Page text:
Part Four





                                     WALKING BACK INTO THE SUBURBS OF HELL


The title of this post is taken from the last line of chapter nine. Weather has been driven to the edge of town, beaten unconscious and dumped into a ditch by Moffat, a corrupt cop.  We he comes to, he finds that Moffat robbed him as well.

Without histrionics, Weather dusts himself off and starts walking straight back into town.

It’s a powerful, understated moment that reveals Weather’s determination at one of his lowest moments in the book.  And a few lines later, when Weather catches a bus, Macdonald trashes the atmosphere with the following gratuitous exchange when questioned by a fellow-passenger:

“Say, haven’t I seen you somewhere before?”

“Never,” I said. “I just arrived from South Africa where my father owns the Kimberley Diamond Mines.  His name, curiously enough, is Jan Christian Smuts.”


                                      An aside on wisecracking in early Macdonald

We all learn by imitation, even artists.  Despite their later falling out, Macdonald always admired Chandler’s style.  Macdonald’s attitude toward Hammett went beyond admiration—Blue City is a love letter to the Hammett of Red Harvest.   The senior writers both allowed their respective detectives wry observations and even wisecracks, especially in the presence of the police.  Such language has its place:

  • It establishes the autonomy and authority of the detective.
  • It breaks tension.
  • It can provide ironic commentary on the action.
  • It provides time for the detective to think of a substantive response.
  • Conversely, it may distract the other party and divert them from their agenda.

The wisecrack has so many uses that it quickly became a trope in hard-boiled writing, with some writers wielding the tool better than others.  In his mature books Archer can wisecrack with the best of them.  Lew Archer seldom reaches the easy patter of Sam Spade, or Marlowe at his best, but Archer brings an appropriate level of dry, ironic humor to the table.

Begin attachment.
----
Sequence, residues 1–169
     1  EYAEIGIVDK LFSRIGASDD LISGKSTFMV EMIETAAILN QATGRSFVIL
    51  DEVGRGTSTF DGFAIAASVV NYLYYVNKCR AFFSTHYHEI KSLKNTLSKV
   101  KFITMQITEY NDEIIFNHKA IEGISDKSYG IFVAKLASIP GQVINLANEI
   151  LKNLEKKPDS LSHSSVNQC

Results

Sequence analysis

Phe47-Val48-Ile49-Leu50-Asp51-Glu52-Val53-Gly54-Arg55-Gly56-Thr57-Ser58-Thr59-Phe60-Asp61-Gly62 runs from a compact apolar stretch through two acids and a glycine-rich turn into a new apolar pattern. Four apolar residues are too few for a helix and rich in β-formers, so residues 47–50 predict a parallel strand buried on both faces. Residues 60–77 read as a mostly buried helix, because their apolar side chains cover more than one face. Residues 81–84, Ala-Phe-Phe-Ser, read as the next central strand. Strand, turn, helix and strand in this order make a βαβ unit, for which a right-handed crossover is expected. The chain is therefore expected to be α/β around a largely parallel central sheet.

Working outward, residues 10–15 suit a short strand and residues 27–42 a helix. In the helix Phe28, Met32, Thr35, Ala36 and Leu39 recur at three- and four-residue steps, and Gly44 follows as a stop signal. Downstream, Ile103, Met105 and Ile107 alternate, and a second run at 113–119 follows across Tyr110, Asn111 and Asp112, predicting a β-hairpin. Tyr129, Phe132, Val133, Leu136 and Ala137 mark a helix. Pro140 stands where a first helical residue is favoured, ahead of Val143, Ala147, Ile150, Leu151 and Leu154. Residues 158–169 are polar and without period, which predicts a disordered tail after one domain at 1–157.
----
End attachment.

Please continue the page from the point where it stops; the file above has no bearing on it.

In the early books, Macdonald is still learning, and his ridiculous overuse of wisecracks is a clear weakness in his writing.  Macdonald’s early works are novels without restraint.  He seldom knows when to temper his language, and the wisecracks are where his lack of control is most obvious.  But trust me, soon enough he will get much better.


I’ve been beaten unconscious, kidnapped, robbed, and threatened with death.  I’m starting to get annoyed

Weather would never say this, of course; he was annoyed when he stepped out of the truck on page two.  Rage is his default state. But the events of the evening have focused him.  His next stop is the home of the city’s mayor, Freeman Allison, a reform candidate who has been unable to reform anything.  It’s something of a long shot, showing up at the home of a stranger at two in the morning, but after Weather discloses his identity, it’s a productive meeting:


  • Allison admits his sympathy with Weather but says he cannot push his agenda in the face of the existing power structure.
  • Weather asks Allison for money and a gun.
  • When Allison hesitates about the gun, Weather announces his plan to kill Kersch but promises to keep Allison’s name out of it.
  • Allison leaves to pick up the gun.



While Weather waits for Allison’s return, Macdonald gives us a hint of his talent:

“The night had passed its three o’clock crisis, and the patch of earth where the city stood was turning now not away from evening but towards morning.  An hour before, I  had felt almost finished, beaten down and about ready to quit.  Since then a tide had turned in my blood; My head was light and sore, but I felt ready to right the city again.  I waited for Allison impatiently.  I wanted to be on my way.”


                                                    Fish and chips and heroin

Weather stops into a late-night greasy spoon for a meal, and as he eats, Sault walks in to pick up a briefcase.  This ought to feel like an unbelievable coincidence but it doesn’t.  Weather slips out after him and soon realizes that the briefcase contains heroin and that Sault is making the rounds of the prostitutes that constitute his clientele.  Once you accept the idea that Sault does his business within easy earshot of a bystander like Weather, it’s a grim and depressing series of encounters, vividly executed.

The chapter ends with Weather watching as Sault enters his step-mother’s house at four in the morning.

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